Think the Von Trapps without the lederhosen. The Jackson Five without the dance moves. The Partridges without the painted bus.
Bluegrass sensation Cherryholmes follows a long tradition of real and fictional singing families. But in the case of this singing clan, the members also play a mean fiddle, banjo, mandolin and guitar.
Jere and Sandy Lee Cherryholmes and their four children (ages 14 to 22) make sweet music together as Cherryholmes. Since entering the bluegrass scene three and a half years ago, the family band has racked up an impressive number of awards and supporters. The biggest was their Grammy nomination this year for best bluegrass album.
The group also has been named the International Bluegrass Music Association's entertainer of the year for 2005 and the Society for the Preservation of Bluegrass Music in America's entertaining group of the year for 2004, 2005 and 2006.
Premium content for only $0.99
For the most comprehensive local coverage, subscribe today.
Among its admirers are Ricky Skaggs (who signed the band to his label, Skaggs Family Records) and Rhonda Vincent (one of the group's first famous supporters). Last year, Cherryholmes played 21 dates at the Grand Ole Opry.
The family will bring its acclaimed sound to Modesto's State Theatre on Tuesday. Preceding the show will be a complimentary wine tasting for the first 200 guests, provided by Gallo Family Vineyards.
For the band, all the accomplishments and accolades wouldn't even have been possible a mere seven years ago. It was the death of eldest daughter Shelly in 1999 that convinced Jere and Sandy Lee, who had home-schooled their children for years, to add music to the curriculum.
After Shelly's death, from complications resulting from a post-operative stroke years earlier, the Cherryholmeses took a trip to a bluegrass festival to take their minds off their loss.
"About a month after Shelly passed away, on Sunday, we decided to do something out of the ordinary. We played hooky from church that day and everything to get away from people associated with us and Shelly's death," Jere Cherryholmes said. "I heard on a public radio station that there was a bluegrass festival in the Inland Empire. We had such a good time. The music was homey and had a warmth to it. The atmosphere was family-oriented, the people seemed to be very nice. We just enjoyed the experience."
Jere and Sandy Lee, who lived with their children in Los Angeles, had previously been involved in the Celtic music scene. But once they heard bluegrass, they realized it might be a good fit for the family.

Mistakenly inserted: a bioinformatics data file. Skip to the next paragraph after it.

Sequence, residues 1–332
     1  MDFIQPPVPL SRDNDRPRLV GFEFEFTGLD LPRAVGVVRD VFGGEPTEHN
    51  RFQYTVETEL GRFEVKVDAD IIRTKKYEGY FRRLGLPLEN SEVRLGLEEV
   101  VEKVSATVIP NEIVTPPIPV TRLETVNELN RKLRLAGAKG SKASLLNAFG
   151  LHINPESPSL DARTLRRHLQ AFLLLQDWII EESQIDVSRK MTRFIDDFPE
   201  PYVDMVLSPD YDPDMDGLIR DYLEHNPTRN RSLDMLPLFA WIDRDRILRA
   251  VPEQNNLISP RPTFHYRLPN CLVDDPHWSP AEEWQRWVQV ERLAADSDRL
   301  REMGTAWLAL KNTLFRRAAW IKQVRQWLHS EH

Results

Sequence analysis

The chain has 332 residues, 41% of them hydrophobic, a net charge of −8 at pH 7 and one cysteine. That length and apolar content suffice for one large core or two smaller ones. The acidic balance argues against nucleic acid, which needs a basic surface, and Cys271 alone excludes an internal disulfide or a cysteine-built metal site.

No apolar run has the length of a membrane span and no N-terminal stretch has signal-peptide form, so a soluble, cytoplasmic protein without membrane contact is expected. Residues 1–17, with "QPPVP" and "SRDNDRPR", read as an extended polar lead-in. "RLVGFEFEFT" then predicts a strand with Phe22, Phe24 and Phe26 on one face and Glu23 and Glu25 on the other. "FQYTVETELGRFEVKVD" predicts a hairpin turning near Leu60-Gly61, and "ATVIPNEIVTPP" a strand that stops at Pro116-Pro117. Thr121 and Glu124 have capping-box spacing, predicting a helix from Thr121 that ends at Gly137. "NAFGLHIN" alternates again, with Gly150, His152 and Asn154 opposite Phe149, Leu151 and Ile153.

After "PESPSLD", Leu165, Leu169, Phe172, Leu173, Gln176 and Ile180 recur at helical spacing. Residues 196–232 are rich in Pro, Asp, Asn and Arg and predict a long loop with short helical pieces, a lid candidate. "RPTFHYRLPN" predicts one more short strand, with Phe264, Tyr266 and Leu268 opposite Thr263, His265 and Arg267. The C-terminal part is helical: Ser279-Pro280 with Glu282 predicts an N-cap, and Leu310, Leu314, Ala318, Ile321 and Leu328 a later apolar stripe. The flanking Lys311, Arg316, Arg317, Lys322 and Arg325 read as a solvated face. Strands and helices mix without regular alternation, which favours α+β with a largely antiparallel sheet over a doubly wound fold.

Music lessons and practice got added to the children's school day. Jere picked which instrument each child would learn. He said he chose based on each child's natural abilities and talents.
Musical talent, it turned out, seemed to run in their blood. "I think they've just been gifted," he said. "God gives gifts and talents. Depending on how hard you are willing to work, you can make something big out of it."
Jere serves as the band's manager, plays stand-up bass and sings, while Sandy Lee serves as band administrator, plays mandolin and sings harmony.
Cia Leigh started out playing guitar at age 15 and switched to banjo a year later. She also provides vocals. She was named the Society for the Preservation of Bluegrass Music in America's banjo player of the year for 2005 and 2006.
B.J. began playing fiddle at age 11 and sings. He is featured on Rhonda Vincent's new live concert DVD and CD, "Ragin' Live."
Skip began playing mandolin at age 9; a year later, he switched to guitar. He has been featured in an article in Flat-Picking Guitar Magazine.
Molly Kate began playing fiddle at age 6 and sings. She has a IBMA nomination for fiddler of the year for 2004 and SPBGMA nomination for fiddler of the year for 2005. She has performed with Vincent many times and also appears on "Ragin' Live."
The family members also write their own material. In 2001, the band put out its debut album, the self-produced "Still A Little Rough Around The Edges." Two more independent releases followed. Three and a half years ago, the family moved from L.A. to Nashville. Then in 2005, the group released its first Skaggs Family record, simply titled "Cherryholmes."
Today, Cherryholmes is on the road some 300 days a year, performing and traveling. As one of the busiest bands in bluegrass, being a family helps it manage the day-to-day complications of working and playing together, Jere said.
"I think that because of the closeness that you have a certain synergistic energy in our band that doesn't exist in a lot of bands," he said. "As a family, you're able to work better together. In terms of the energy in the music, it's like six atoms bumping around and into each other -- that comes out in the music we play."
Jere said being a family also helps them control their image and sound. The family's strong Christian faith also comes through.
"We're not evangelistic with our faith, but we're also not ashamed of what we believe and we don't want to bring discredit to it," he said. "We made a pact early on; we said if it took compromising our values to succeed, we wouldn't succeed."
The band has completed work on its second Skaggs Family Records release, also simply titled -- "Cherryholmes II" -- for release in May.
As a father, Jere said he sometimes looks out on the stage and even he is amazed by his family.
"I've never been able to leave my father role for very long," he said. "When I sit back and listen, sometimes it will catch me off guard when someone is playing, particularly with Molly because she's so young. You listen and she's playing something way over the head of most fiddle players. You think, 'Whoa, that's amazing. Those are my kids up there.'"
WHAT: Cherryholmes, with free wine tasting for the first 200 guests, compliments of Gallo Family Vineyards
WHEN: 6:30 p.m. wine tasting, 8 p.m. show, Tuesday
WHERE: State Theatre, 1307 J St., Modesto